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Ohio and Pennsylvania Rail Road Company

$65.00

SKU: 3488

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Product Details

 

Beautifully engraved antique stock certificate from the Ohio and Pennsylvania Rail Road Company dating back to the 1850's. This document, which is signed by the company President, was printed by Toppan, Carpenter, Casilear & Co. and measures approximately 11 1/2" (w) by 9 1/2" (h). 

 

This certificate features a trio of vignettes - a pioneer family waving at a passing train at the center, William Penn at the right, and another man at the left.

Images

You will receive the exact certificate pictured.

 

PLEASE NOTE there is an "x" cut cancel in the center of the body of the piece.

    Historical Context

    The Ohio and Pennsylvania Railroad was chartered in Ohio on February 24 and in Pennsylvania on April 11, 1848, to build from Allegheny City (annexed by Pittsburgh in 1907) west to Crestline, Ohio, on the Cleveland, Columbus and Cincinnati Railroad. It was organized on June 15 with William Robinson Jr. as president, and construction began on July 4, 1849. The first section, from Allegheny City west to New Brighton, opened July 30, 1851. Extensions opened to New Galilee on October 22 and Enon Valley November 19. On November 27, 1851, a section between Salem and Alliance, Ohio, was completed, not yet connected to the rest. On December 8, the east section was extended west to East Palestine, Ohio, with a stagecoach transfer provided for through travel. Further sections opened January 3, 1852, west to Columbiana, and on January 6 the gap between Columbiana and Salem was filled. In conjunction with the Cleveland and Pittsburgh Railroad, connecting at Alliance, a through line was provided between Cleveland and Pittsburgh. On March 11, 1852, an extension west to Massillon was opened with an excursion. On August 10, 1852, a further extension from Massillon west to Wooster opened. The line west to Mansfield was finished April 8, 1853, and the full line to Crestline opened April 11. With this it formed part of a through line to Cincinnati via the Cleveland, Columbus and Cincinnati Railroad.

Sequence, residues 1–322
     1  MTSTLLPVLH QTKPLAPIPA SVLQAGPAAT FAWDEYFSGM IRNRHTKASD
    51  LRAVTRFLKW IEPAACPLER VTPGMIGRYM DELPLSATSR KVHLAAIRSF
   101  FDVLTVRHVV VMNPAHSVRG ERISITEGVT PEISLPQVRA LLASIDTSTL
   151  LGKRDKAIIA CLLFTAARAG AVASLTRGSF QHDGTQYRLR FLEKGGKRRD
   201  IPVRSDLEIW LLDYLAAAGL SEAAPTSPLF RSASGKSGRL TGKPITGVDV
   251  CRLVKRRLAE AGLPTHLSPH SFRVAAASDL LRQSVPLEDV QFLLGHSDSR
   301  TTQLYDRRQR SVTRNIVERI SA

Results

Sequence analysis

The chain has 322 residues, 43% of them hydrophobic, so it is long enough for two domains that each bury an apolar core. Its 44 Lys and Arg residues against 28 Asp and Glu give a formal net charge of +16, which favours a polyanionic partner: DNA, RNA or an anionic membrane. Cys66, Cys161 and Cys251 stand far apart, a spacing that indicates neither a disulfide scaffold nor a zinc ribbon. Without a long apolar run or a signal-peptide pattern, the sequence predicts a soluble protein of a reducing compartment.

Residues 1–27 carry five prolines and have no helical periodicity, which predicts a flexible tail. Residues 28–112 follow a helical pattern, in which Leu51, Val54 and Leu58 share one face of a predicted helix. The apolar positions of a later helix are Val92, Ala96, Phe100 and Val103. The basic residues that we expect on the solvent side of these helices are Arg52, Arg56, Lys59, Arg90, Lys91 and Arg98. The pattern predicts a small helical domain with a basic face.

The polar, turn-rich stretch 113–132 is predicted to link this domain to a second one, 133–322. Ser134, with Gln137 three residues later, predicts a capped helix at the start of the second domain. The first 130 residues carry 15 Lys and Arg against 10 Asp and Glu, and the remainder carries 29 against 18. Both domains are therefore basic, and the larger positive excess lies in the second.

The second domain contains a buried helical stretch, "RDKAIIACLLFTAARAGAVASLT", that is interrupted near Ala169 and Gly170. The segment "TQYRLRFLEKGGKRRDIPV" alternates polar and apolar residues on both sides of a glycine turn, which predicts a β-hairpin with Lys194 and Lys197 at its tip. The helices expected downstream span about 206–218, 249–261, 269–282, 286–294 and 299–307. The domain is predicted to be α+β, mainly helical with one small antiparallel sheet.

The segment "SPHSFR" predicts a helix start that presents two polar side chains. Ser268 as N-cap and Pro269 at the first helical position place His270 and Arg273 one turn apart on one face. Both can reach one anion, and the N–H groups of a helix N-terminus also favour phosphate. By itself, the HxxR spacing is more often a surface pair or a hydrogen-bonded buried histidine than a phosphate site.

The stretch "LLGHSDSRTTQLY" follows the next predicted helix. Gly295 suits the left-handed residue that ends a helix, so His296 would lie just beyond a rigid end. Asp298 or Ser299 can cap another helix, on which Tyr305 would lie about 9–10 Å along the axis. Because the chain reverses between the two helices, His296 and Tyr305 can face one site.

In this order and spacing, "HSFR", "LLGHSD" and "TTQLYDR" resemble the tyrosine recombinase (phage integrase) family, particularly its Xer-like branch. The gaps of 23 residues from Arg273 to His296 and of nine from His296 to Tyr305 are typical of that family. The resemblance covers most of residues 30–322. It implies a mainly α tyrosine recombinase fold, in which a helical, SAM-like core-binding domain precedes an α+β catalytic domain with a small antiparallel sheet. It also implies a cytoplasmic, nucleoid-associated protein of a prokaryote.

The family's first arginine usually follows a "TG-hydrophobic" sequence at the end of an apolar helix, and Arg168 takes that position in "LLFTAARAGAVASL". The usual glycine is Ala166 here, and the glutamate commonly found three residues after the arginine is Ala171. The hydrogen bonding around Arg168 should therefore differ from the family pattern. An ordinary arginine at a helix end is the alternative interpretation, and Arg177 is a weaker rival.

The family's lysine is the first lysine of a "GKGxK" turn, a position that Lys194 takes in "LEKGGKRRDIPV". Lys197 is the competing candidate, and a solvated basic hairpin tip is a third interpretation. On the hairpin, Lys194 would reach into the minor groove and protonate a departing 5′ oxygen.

Work began on August 16, 1854, on the Fort Wayne Railroad Bridge over the Allegheny River to extend the O&P into Pittsburgh to connect with the Pennsylvania Railroad. The bridge opened September 22, 1857, with a temporary station at Penn Street and Tenth Street.

     

    The Ohio and Indiana Railroad was chartered in Ohio on March 26, 1850, and in Indiana on January 15, 1851, to extend the line west to Fort Wayne, Indiana. It was organized July 4, 1850, and work began in February 1852. Some of the capital was gained from a merger with the Great Western Railroad of Ohio in 1851. On August 26, 1853, the line opened from Crestline west to Bucyrus, and a continuation west to Forest opened in early January 1854. On June 10 the line opened west to Delphos, and on October 31 the full line to Fort Wayne was completed, opening the next day.

     

    The Fort Wayne and Chicago Railroad was chartered in Indiana on May 11, 1852, and organized September 14, 1852, as a further extension west to Chicago. It was chartered February 5, 1853, in Illinois. The first section opened in February 1856 from Fort Wayne to Columbia City.

     

    On July 26, 1856, the Pittsburgh, Fort Wayne and Chicago Rail Road was formed as a consolidation of the Fort Wayne and Chicago, Ohio and Indiana, and Ohio and Pennsylvania Railroads. Extensions opened west to Warsaw September 28, Plymouth November 10, Englewood, Illinois (south of Chicago) on November 29, 1858, and Van Buren Street in Chicago on December 25, 1858. On January 1, 1859, trains started running to Chicago, with a terminal at the future location of Union Station. The part west of Plymouth was built with rails removed from the New Portage Railroad.

     

    From the early days, the Pennsylvania Railroad (PRR) had been involved with the project, supplying funds. Once the Fort Wayne Railroad Bridge at Pittsburgh was finished in 1857, trains began to run through from Philadelphia. In 1858 the PFW&C began using the first Union Station in Pittsburgh, shared with the PRR.

     

    On July 1, 1859, the PFW&C defaulted on its debts, and was sold at foreclosure on October 24, 1861. It was reorganized as the Pittsburgh, Fort Wayne and Chicago Railway February 26, 1862.